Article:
My initial reaction to this question is to go with the former rather than the latter. In part, it’s because I called Fisker (NYSE:FSR) stock a buy at $15 in early April.
Mobile phone with company logo of US electric vehicle manufacturer Fisker Inc. on screen in front of webpage
Source: T. Schneider / Shutterstock.com
Since then, FSR stock has proceeded to blow through that bogey all the way down near $12 before rebounding in recent days. It’s trading around $13.50 today.
Now I’m just as confused as everyone else following Fisker.vTo make matters worse, I recently discussed why Lucid Motors — soon expected to merge with Churchill Capital Corp IV (NYSE:CCIV) — couldn’t hold a candle to Tesla (NASDAQ:TSLA).
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If Lucid’s not worth $33 billion at this stage of its development, I’m left wondering about Fisker’s true value.
Big bargain? Falling knife? The truth is Fisker’s a little of both. Here’s why.
FSR Stock Is a Major Bargain
According to Fisker’s 10-K, the company had 157.7 million Class A shares outstanding as of March 22 and 132.4 million Class B for a total of 290.1 million outstanding. Based on a share price of $13.83 as I write this, it’s got a market capitalization of $4.0 billion or about one-eighth the value of Lucid.
According to the eight analysts providing a revenue estimate for 2022, Fisker should generate $355 million in sales. As I said in my April 27 article about Lucid, its sales projection for 2022 is $2.2 billion.
At the moment, these two numbers are nothing but estimates. Neither has produced any revenue to speak of and won’t until later in 2021 or into 2022.
So, for those who haven’t read my article, the $33 billion market cap for Lucid is based on 1.6 billion shares outstanding and a share price of approximately $20.63. CCIV has since gained a couple more dollars, so the valuation keeps moving higher.
InvestorPlace’s Luke Lango recently discussed the rumors of a Lucid tie-up with Apple (NASDAQ:AAPL). He believes Lucid could be the next Tesla. Personally, I thought that title had already been awarded to Nio (NYSE:NIO). However, if you want to learn more about the possibilities on this front, I suggest you take a look at his commentary.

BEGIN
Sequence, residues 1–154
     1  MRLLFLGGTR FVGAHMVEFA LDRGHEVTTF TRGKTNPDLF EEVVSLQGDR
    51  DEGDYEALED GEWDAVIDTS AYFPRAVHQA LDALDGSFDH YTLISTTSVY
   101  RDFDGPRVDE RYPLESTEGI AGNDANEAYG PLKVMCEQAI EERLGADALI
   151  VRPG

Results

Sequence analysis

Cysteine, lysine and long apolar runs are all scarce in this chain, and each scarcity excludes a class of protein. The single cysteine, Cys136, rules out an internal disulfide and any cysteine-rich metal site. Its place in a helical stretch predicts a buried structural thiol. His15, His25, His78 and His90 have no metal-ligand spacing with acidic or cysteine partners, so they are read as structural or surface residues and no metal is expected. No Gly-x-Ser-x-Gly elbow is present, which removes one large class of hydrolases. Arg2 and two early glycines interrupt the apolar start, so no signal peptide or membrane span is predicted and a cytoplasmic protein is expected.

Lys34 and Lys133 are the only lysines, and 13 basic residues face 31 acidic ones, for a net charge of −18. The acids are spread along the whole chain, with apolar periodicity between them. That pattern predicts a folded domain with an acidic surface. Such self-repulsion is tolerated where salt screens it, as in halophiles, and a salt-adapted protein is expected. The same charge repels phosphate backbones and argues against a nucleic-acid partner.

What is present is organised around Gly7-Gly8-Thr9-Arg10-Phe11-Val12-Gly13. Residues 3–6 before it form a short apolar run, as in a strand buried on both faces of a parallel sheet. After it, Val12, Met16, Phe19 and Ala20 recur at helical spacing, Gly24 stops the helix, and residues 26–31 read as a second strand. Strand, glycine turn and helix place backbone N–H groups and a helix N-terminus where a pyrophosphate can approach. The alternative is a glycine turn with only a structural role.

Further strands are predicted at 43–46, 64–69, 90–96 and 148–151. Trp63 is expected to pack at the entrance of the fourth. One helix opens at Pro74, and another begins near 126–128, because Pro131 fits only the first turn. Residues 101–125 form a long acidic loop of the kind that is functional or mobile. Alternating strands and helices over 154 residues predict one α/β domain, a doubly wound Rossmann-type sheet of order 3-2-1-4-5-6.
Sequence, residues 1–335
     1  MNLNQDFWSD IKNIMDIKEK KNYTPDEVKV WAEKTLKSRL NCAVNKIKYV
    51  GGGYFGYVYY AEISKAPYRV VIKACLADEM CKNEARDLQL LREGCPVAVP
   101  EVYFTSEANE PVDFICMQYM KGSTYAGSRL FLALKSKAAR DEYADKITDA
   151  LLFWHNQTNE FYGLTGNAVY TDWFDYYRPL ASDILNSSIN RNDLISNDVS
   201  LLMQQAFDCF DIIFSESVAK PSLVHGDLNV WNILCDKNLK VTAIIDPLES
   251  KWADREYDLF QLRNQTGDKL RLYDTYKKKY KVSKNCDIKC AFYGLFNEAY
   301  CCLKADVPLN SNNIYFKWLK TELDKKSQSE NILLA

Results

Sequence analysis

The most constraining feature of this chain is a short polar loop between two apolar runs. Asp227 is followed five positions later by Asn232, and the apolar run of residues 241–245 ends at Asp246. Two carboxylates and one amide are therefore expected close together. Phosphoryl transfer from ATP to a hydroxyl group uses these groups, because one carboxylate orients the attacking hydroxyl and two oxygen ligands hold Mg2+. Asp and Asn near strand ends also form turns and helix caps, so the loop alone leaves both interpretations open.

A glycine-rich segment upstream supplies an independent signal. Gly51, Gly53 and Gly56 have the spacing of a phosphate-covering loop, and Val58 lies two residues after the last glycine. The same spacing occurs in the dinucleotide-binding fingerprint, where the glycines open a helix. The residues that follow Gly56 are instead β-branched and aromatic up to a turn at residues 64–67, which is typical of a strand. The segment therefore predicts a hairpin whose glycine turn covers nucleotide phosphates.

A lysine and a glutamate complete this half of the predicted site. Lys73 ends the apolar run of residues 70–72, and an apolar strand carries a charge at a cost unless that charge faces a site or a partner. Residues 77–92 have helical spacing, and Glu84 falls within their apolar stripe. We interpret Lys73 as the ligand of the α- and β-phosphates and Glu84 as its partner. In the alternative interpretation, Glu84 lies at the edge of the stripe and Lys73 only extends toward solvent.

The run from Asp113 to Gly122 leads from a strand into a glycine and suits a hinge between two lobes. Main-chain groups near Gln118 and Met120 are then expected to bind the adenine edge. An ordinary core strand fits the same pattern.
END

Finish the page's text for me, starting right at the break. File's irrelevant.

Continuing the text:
I’m not going to lie. Even the sniff of an Apple partnership is going to light a fire under any stock. So, it’s understandable why CCIV has been moving higher.
But a $37 billion market cap? Let’s get a grip.
According to page 33 of Fisker’s latest presentation, it projects an annual volume between 200,000 and 250,000 units by 2025. At a $50K selling price, that’s $12.5 billion in revenue at the high-end of the projection.
Lucid expects to deliver 251,000 vehicles in 2026 at an average selling price of almost $91,000 for $22.8 billion in revenue.
Assuming both hit their targets (which ain’t gonna happen) Fisker’s 2025 forward price-to-sales ratio is 0.32x compared to 1.6x sales for Lucid. Fisker currently has a multiple one-fifth Lucid.
Apple or not, the $50,o00 car has a better shot at hitting the target than a $91,000 version.
Fisker Could Be Single Digits Soon Enough
One of my favorite InvestorPlace contributors when it comes to technology write-ups is Dana Blankenhorn. He’s spent years covering the tech sector and usually has a zinger or two that really cuts to the heart of the matter.
He recently discussed why an investment in Fisker at this point is real speculation. He compared Fisker to Preston Tucker and the failed Tucker automobile. I did like the movie about the dreamer. That Jeff Bridges sure can act. But I digress.
“I’ve compared Fisker with Preston Tucker, whose company failed. (At least Tucker got a good movie out of it, directed by Francis Ford Coppola, whose wine company succeeded),” Blankenhornwrote on April 26.
“This was a little unfair. Tucker was selling dreams into a mature market. Henrik Fisker has been selling real designs into a new market.”
The reality is that Henrik Fisker has already failed once in his attempt to bring an electric vehicle to market, something my colleague mentions in his article. So, it’s not surprising there is some cynicism from analysts about Fisker’s asset-light, design-heavy business model.
I believe that he learned a thing or two from his 2007 failure and that will hold him in good stead as he brings the Fisker Ocean SUV to market.
But as Blankenhorn rightly states, the risk of losing 100% of your Fisker investment is real. It might be wise to wait things out with the stock down 16% over the past month and 57% since its February highs.
The Bottom Line
I have to admit that I’m rooting for Henrik Fisker and the Fisker Ocean. I’m hopeful that Foxconn will come through and actually build electric vehicles in America. The more, the merrier, in my opinion.
In my last article about Fisker in early April, I argued that if you could buy around $15, the risk/reward started to work in your favor. Trading below $14 at the moment, I view the risks of owning Fisker to be less than that of Lucid.
Sure, Lucid has an impressive management team, but it still has to execute. If you’re a speculative investor, I don’t think there’s any question FSR stock is a better buy.
I view Fisker as a big bargain. Time will tell if I’m right.
On the date of publication, Will Ashworth did not have (either directly or indirectly) any positions in the securities mentioned in this article.
Will Ashworth has written about investments full-time since 2008. Publications where he’s appeared include InvestorPlace, The Motley Fool Canada, Investopedia, Kiplinger, and several others in both the U.S. and Canada. He particularly enjoys creating model portfolios that stand the test of time. He lives in Halifax, Nova Scotia. At the time of this writing Will Ashworth did not hold a position in any of the aforementioned securities.
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